Jason just nodded, dreading it. So far they'd tried this a number of times. The first time, it hadn't occurred to him that there would be a problem. He'd presumed he was recovered and ready to go back to the team. Five minutes after the migraine hit again, he'd known with a sinking certainty that he wasn't even close. He'd gone back on the drugs, and later they'd tried again. And again. Varying the method - tapering off the drugs gradually, replacing them with something milder, going cold turkey. All had had the same effect. A day or so with no problems, but well before his system was clear of the drug he'd be back in Medical, his vision a mess of coloured haloes, knowing he couldn't cope with what was coming next and hating himself for it. Eventually they'd given up. Johnson had put him back on sufficient drugs to keep the migraines away, and released him for light training with G-Force and active duty with Team 7, while he looked into alternative treatments. Jason had been certain they would come up with something quickly. That had been nearly a fortnight ago, and every eight hours since he'd shown up for another injection with his optimism gradually draining away. Another shot at tapering the drugs off was not the answer he'd been hoping for.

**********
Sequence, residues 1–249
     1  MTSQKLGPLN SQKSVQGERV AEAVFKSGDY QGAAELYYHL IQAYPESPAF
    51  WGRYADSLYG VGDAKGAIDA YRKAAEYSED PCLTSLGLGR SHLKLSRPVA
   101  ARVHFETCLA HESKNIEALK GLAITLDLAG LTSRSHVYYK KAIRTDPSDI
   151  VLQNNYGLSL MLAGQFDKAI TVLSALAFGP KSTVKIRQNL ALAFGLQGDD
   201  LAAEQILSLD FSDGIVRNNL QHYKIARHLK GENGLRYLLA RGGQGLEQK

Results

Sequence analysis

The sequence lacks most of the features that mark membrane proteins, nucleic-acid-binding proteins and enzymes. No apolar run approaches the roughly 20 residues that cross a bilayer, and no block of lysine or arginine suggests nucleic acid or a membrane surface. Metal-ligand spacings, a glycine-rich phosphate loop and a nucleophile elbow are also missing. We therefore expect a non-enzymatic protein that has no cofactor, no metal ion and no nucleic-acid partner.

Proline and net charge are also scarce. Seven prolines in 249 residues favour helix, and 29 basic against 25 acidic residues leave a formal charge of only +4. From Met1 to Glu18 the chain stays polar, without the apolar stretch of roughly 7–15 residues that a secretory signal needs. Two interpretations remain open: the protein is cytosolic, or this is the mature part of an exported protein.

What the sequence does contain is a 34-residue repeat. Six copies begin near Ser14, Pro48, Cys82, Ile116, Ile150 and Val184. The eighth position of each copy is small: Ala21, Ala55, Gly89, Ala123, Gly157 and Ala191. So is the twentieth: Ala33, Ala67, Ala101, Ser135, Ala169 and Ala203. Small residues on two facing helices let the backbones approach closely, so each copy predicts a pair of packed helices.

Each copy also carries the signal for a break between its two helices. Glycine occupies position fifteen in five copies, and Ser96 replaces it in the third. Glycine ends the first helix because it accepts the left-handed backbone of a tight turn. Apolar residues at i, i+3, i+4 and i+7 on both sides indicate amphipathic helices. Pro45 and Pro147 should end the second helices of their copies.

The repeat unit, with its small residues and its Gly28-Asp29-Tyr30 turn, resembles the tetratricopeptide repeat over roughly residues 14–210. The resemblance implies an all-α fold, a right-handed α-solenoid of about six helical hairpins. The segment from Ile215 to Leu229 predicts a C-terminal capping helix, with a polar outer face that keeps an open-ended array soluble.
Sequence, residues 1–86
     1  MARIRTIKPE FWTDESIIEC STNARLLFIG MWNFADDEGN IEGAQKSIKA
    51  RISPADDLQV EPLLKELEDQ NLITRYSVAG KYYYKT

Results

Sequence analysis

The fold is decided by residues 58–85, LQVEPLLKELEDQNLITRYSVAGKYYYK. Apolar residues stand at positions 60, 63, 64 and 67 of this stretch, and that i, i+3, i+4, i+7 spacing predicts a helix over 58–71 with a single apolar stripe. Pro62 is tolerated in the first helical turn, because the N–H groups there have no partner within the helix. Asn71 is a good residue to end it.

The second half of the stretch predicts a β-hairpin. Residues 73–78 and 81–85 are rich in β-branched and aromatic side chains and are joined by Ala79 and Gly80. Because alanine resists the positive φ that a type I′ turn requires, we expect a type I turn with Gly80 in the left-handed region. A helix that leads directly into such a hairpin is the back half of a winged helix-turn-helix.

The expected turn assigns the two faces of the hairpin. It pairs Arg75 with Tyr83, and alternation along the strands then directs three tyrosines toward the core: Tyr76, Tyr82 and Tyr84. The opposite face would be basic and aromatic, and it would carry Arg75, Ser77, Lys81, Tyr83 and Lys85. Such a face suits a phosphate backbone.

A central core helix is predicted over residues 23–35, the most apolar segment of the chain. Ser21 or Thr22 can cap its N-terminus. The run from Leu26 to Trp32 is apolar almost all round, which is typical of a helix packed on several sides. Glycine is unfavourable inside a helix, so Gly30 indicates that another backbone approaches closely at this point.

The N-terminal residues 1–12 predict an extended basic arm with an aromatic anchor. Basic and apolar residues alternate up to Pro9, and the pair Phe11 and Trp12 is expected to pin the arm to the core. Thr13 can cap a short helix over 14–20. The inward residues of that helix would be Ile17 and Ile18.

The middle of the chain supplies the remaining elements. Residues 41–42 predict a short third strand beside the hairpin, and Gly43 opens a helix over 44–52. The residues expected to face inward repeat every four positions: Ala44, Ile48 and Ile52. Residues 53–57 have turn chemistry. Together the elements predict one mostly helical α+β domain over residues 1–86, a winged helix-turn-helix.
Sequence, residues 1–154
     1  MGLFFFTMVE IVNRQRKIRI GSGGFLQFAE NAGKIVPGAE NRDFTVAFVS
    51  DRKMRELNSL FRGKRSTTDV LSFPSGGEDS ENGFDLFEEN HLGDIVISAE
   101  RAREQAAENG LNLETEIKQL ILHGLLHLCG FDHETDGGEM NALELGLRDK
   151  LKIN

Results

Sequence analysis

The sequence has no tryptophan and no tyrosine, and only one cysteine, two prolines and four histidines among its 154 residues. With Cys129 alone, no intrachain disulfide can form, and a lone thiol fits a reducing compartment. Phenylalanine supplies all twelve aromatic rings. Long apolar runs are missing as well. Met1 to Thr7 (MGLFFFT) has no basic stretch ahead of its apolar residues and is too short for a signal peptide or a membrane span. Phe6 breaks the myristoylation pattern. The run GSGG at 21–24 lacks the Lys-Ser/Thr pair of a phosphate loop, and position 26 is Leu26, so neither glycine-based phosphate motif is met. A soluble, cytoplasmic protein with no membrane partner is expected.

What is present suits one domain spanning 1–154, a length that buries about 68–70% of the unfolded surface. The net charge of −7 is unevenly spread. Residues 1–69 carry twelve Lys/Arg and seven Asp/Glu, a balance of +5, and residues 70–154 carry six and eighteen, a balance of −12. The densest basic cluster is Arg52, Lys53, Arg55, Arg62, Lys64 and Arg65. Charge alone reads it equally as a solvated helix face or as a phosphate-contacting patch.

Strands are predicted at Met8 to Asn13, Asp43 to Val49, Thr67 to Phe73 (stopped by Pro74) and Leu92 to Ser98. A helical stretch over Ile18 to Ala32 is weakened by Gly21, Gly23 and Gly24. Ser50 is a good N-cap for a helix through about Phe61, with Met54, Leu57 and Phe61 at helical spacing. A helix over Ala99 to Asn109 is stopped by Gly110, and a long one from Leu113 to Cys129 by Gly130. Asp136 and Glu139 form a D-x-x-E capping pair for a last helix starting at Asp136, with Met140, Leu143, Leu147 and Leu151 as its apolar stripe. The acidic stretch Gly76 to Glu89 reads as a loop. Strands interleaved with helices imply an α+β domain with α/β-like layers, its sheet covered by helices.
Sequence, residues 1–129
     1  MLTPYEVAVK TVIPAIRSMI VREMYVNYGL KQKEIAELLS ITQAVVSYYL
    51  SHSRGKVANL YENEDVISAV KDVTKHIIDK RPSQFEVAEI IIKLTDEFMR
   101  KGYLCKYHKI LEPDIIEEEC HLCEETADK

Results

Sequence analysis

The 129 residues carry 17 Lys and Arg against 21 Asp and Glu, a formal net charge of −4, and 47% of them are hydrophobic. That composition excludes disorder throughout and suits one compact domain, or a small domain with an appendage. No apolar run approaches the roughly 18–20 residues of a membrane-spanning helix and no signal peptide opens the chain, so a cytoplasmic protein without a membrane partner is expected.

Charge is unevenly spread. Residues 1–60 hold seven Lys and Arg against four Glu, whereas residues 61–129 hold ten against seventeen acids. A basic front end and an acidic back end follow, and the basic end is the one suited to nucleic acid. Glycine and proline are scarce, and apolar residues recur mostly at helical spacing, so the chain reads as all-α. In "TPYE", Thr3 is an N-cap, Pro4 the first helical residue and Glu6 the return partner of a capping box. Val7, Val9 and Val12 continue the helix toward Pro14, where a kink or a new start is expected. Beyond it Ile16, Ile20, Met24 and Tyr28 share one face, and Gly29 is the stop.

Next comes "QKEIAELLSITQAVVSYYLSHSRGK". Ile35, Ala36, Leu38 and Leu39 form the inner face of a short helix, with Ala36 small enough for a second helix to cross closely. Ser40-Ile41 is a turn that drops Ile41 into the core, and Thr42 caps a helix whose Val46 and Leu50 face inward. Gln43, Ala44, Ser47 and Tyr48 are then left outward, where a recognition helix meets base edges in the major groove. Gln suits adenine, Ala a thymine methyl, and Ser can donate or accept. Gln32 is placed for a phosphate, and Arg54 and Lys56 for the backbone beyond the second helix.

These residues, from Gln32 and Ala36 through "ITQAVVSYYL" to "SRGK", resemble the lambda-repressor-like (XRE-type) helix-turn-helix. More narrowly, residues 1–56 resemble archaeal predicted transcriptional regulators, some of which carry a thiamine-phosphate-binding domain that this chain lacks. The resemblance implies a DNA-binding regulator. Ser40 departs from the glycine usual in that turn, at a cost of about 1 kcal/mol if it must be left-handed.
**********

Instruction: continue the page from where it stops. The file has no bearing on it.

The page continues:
"So how's Team 7?"

Jason glared. "Don't even ask."

"You know you don't have to do it if you don't want to."

He sighed in exasperation. "No. I could just sit round here and watch the team treat me like china. Team 7 may be dull, but at least they don't think I'm finished."

"You're not finished." Chris disposed of the needle, and came round to face his patient. "Not by a long way. Just give me a little more time."

"Yeah." Jason clamped his mouth shut before he said something the doctor didn't deserve. He might have spent the past two months miserable and frustrated, but he'd still noticed what Chris hadn't done. Hadn't snapped back when his temper had frayed, hadn't carped when he'd pushed too hard and relapsed. Hadn't given up on getting him back on G-Force. But still - how much longer could he be expected to wait?

"So I'll see you in eight hours? I could give you the drugs - you're perfectly competent to self-inject."

Jason shuddered. "No thanks." And promptly realised just how much of himself that revealed. "You doctors need to earn your keep somehow."

"Midnight, then."